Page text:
Smart speakers are becoming a part of consumers' daily habits, with uses ranging from performing routine tasks like setting alarms and making calls to actually buying goods.
In a December 2017 survey of US voice-enabled speaker owners, OC&C Strategy Consultants found that the top 3 smart speaker usages are for relatively banal, simple requests.
Indeed, nearly all respondents use their smart speakers—with Amazon Echo being the most prevalent device owned—to play music, inquire about the weather or news headlines and ask general questions that would otherwise be plugged into a search engine.
OC&C Strategy Consultants' survey also found that respondents rely on their smart speakers for task-orientated activities such as setting reminders and creating shopping lists. And the creation of a shopping list is a convenient segue to continue the path to purchase, with the smart speaker acting as a middleman.
While the study didn’t break out the percentage of purchases made based on a smart speaker-organized shopping list, some 62% of respondents have bought items via voice commerce.
Of that percentage, slightly more than one-third have made a purchase using a smart speaker on multiple occasions, while 15% have done so only once.
In a vein similar to noting an item on a shopping list, 12% of respondents have asked their smart speaker to add an item to a basket, likely with the intent of finalizing the purchase, online or in-app, later on.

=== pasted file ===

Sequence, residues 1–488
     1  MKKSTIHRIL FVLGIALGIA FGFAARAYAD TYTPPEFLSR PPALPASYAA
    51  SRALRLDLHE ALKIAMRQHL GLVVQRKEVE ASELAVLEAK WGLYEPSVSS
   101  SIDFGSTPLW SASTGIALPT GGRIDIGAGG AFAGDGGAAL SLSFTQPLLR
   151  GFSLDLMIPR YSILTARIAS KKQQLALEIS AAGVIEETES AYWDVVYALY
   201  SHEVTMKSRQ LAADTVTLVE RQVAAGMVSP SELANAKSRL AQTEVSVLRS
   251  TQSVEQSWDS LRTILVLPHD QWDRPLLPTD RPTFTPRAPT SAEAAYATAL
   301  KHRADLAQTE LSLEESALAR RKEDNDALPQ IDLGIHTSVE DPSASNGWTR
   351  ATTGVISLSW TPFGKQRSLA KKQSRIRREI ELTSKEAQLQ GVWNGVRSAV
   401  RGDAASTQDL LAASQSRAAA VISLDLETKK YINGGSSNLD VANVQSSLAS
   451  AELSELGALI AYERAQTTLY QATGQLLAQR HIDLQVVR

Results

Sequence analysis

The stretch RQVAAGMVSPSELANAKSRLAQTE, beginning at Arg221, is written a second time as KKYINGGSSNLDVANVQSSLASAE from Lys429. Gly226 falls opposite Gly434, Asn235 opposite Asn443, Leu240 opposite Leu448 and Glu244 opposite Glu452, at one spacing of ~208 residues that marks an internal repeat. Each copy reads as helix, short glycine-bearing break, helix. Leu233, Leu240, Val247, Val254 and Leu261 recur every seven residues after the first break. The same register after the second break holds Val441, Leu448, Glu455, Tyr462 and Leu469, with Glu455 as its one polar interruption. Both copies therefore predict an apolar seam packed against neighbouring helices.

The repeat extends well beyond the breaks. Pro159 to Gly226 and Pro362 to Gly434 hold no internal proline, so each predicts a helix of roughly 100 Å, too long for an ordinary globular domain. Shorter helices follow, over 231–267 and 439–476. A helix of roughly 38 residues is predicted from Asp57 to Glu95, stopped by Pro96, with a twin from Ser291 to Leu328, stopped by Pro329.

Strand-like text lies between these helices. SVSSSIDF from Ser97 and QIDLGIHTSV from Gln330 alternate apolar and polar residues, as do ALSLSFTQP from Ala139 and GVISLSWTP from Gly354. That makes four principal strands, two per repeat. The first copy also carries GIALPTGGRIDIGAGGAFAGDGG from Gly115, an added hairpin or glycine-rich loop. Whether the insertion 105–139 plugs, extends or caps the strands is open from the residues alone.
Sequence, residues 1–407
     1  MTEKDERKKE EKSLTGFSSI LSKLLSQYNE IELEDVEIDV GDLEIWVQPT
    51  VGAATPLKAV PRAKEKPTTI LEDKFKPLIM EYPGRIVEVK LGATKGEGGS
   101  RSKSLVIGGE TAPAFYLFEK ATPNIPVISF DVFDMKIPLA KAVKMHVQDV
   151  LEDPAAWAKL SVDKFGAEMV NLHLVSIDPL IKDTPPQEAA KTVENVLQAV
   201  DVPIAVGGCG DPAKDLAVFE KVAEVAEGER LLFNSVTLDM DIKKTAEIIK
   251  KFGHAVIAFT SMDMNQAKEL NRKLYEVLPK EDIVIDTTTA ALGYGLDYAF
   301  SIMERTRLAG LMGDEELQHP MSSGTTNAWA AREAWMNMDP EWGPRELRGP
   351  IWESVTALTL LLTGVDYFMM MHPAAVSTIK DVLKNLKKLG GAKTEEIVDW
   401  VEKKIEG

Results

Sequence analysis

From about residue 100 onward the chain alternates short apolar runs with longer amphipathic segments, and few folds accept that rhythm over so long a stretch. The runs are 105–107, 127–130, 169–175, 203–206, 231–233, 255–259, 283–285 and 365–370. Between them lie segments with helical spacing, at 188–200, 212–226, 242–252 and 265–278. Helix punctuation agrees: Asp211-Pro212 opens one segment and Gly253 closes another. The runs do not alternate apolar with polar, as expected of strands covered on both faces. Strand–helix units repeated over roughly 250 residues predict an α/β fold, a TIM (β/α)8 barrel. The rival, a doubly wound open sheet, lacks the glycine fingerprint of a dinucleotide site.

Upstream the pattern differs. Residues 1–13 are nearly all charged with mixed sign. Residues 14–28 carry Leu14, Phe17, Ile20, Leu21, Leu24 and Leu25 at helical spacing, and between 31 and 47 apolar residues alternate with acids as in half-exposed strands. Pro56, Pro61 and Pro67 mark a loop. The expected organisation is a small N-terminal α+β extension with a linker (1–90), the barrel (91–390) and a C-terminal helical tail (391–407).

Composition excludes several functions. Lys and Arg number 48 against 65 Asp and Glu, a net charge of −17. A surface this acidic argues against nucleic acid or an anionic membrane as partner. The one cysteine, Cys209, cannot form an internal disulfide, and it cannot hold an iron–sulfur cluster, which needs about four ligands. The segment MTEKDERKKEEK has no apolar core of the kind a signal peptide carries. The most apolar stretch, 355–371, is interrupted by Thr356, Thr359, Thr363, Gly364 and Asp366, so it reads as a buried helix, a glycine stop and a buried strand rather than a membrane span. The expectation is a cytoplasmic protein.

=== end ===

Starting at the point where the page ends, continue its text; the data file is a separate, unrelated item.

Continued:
The OC&C Strategy Consultants survey is just one of many on smart speakers. And it's important to note that not all research points to this voice commerce trend. In fact, separate data from Walker Sands Communications found that 48% of US internet users polled in March 2017 were not at all likely to make a purchase via voice-enabled speakers in the next year.
Nonetheless, that sentiment is beginning to change as the technology becomes more mainstream. A recent survey by Kantar Consulting found that 18% of US household shoppers owned a smart speaker in December 2017. While still low, that figure was up from 7% in January 2017.
In fact, eMarketer estimates the number of US voice-enabled digital assistant users will grow to 75.5 million by 2019, up from 69.0 million this year.
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